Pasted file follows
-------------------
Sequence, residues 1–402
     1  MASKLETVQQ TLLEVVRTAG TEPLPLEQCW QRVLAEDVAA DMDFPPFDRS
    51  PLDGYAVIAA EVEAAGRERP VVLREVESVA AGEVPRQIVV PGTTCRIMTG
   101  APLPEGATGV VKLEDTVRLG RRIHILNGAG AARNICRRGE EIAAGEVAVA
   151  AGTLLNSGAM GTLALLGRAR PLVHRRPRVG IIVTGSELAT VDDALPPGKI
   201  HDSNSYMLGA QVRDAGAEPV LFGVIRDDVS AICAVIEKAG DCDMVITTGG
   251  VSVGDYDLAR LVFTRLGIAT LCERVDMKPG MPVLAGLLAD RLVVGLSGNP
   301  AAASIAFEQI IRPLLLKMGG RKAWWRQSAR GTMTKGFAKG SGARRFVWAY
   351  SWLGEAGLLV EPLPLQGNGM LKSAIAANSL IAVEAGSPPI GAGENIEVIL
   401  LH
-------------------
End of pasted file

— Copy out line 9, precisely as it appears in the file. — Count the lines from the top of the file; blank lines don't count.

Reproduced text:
   351  SWLGEAGLLV EPLPLQGNGM LKSAIAANSL IAVEAGSPPI GAGENIEVIL